Editorial: Do Authorities Need Search Warrants for Drones?

Federal officials have announced new rules that will allow operators of small drones to fly over people and at night, a move that is expected to turbo-boost commercial use of the flying machines.

A DJI Inspire 2 drone
A DJI Inspire 2 drone in flight.
Shutterstock/Lukassek
(TNS) — Not long ago, it was an image from a sci-fi flick or the Jetsons cartoon: scores of miniature "airplanes" buzzing in the sky, dropping packages to destinations below.

Soon, the image could be ubiquitous. And not just a little bit concerning.

Federal officials have announced new rules that will allow operators of small drones to fly over people and at night. It's a move expected to turbo-boost the commercial use of the flying machines. And it's a development clamored for by leaders of industry, such as Amazon, UPS and Google (which has a sister company called Wing Aviation.)

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Drones have garnered the distinction as the fastest-growing segment in all of transportation, according to the U.S. Department of Transportation. There are more than 1.7 million drones registered.

The widening use of commercial drones could translate to quicker delivery of goods to customers' front doors, undoubtedly a convenience for the public at large.

Convenience is not everything.

Regulatory hurdles should not be viewed as obstacles but, rather, as important safety measures. The new rules will require that drones that fly in the night sky be equipped with flashing lights that can be seen up to 3 miles away; drones that fly over people cannot have rotating parts capable of cutting skin; and operators will need special training. All drones that must be registered with the Federal Aviation Administration will be required to have "remote ID" — equipment that broadcasts their identification, location and control station or be operated in FAA-recognized areas.

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Are these measures enough to control the downsides to the pending proliferation of unmanned aerial vehicles? It is unlikely.

Questions remain about airspace property rights, protection for landowners from "aerial trespassing." And UAV's "sense and avoid" capabilities must be top-notch so as to avoid midair collisions, especially when they're being used above crowds.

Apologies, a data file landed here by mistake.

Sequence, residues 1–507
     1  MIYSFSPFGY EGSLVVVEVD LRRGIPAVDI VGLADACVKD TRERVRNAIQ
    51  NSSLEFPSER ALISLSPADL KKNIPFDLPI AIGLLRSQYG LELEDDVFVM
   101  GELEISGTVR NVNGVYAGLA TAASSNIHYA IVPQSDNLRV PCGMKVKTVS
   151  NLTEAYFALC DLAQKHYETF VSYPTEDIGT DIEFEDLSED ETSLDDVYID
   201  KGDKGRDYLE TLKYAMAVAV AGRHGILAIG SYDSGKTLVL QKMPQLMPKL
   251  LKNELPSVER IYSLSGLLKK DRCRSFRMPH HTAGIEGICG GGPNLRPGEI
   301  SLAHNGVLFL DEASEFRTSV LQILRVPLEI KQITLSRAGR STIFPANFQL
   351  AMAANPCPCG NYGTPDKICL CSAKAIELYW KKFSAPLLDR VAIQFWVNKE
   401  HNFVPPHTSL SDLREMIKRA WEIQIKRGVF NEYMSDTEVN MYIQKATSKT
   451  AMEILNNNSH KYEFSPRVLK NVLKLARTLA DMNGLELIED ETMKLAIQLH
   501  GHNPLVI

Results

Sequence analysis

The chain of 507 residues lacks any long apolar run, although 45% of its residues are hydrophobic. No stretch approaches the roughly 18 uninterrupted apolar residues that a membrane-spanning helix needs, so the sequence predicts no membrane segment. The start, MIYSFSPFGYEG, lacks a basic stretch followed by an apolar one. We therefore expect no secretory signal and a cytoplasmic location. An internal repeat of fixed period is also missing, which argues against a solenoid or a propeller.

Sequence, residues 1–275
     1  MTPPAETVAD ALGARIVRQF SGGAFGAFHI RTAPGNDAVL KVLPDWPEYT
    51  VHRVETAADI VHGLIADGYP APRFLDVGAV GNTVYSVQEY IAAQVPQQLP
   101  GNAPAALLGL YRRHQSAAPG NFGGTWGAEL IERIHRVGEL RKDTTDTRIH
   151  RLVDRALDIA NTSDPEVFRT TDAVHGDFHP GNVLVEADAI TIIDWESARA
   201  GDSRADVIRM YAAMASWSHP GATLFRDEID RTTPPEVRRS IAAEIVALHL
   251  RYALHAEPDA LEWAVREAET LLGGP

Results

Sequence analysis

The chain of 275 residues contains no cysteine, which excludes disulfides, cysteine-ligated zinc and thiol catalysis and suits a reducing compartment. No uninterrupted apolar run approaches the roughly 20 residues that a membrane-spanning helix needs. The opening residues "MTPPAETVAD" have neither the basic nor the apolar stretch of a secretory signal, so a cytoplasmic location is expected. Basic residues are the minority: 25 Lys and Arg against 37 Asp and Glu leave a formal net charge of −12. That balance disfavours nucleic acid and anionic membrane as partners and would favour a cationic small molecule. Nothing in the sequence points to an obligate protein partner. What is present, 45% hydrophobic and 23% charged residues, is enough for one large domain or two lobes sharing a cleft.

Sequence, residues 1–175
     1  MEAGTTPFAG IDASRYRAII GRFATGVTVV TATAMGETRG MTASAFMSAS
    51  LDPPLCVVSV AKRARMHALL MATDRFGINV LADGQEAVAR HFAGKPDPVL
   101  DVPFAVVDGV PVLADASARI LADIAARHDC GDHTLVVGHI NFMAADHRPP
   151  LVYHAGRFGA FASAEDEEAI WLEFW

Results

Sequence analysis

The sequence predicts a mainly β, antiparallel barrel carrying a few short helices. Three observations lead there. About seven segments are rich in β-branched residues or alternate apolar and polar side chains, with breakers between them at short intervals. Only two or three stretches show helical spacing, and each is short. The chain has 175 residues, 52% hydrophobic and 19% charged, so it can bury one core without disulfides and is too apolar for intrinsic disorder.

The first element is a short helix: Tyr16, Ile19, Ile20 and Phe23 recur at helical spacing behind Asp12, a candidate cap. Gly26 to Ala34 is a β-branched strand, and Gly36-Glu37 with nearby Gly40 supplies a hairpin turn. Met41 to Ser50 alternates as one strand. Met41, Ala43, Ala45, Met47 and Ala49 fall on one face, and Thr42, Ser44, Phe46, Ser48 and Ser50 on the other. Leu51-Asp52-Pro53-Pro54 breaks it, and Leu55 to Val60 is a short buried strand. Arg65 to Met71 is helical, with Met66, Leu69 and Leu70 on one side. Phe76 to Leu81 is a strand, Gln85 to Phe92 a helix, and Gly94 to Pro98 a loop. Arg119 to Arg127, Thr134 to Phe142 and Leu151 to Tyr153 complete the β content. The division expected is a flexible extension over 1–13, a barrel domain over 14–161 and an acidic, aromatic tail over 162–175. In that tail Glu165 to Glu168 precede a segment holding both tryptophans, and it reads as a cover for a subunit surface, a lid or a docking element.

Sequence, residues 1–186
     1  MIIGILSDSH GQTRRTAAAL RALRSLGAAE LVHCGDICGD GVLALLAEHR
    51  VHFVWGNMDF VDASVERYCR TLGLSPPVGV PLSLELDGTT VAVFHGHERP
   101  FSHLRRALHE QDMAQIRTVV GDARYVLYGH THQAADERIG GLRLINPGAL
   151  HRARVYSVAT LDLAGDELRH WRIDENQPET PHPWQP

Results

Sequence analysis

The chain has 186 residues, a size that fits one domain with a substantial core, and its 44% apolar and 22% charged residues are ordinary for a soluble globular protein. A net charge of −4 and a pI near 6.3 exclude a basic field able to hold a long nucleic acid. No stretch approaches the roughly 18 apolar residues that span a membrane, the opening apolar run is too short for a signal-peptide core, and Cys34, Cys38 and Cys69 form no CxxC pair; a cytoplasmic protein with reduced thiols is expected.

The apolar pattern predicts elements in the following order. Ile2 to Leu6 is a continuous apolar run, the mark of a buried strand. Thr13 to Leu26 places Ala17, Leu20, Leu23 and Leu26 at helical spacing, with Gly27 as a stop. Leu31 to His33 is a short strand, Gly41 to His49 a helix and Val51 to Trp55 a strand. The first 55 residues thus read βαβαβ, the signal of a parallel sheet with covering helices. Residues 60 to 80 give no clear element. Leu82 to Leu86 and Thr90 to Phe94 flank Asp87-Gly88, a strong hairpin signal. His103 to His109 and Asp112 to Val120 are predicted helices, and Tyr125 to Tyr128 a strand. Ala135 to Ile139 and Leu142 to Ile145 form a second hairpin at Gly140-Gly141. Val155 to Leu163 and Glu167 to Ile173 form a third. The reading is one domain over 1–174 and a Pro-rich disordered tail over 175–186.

Of pre-eminent concern are privacy and legal rights of citizens. Limits should be put on the collection of data and images to protect privacy. Legal mechanisms must be in place to regulate government entities' use of drones to monitor the public. Privacy laws must be strong enough to ensure this technology will be used in a way that is consistent with democratic values.

Currently, there is no national framework governing how police make use of the data collected by drones, resulting in an inconsistent amalgamation of rules and regulations enacted by states and municipalities. As of March 2020, according to data collected by Bard College researchers and disseminated by the Brookings Institution, at least 1,578 state and local public safety agencies in the U.S. had acquired drones. Brookings concluded in a report issued in September: "There's one thing civil liberties advocates and privacy specialists tend to agree upon: Police drones aren't regulated nearly strictly enough."

A handful of states have implemented laws requiring search warrants to be obtained by law enforcement agencies using drones for surveillance or searching. Those states include AlaskaFloridaIdahoIllinoisIndianaIowaMaineMontanaNorth CarolinaOregonTennesseeTexasUtahVermontVirginia and Wisconsin.

A national standard should be adopted. Until then, states must pick up the slack and protect their citizens' legal rights.

Drones may be the next best thing in the public marketplace. And the federal enhancement of their regulation is a step in the right direction, but it is only a step. Federal regulators and lawmakers must remember that, when it comes to UAVs, safety and civil liberties must not be sacrificed on the altars of consumer convenience and business expansion.

(c)2021 the Pittsburgh Post-Gazette. Distributed by Tribune Content Agency, LLC.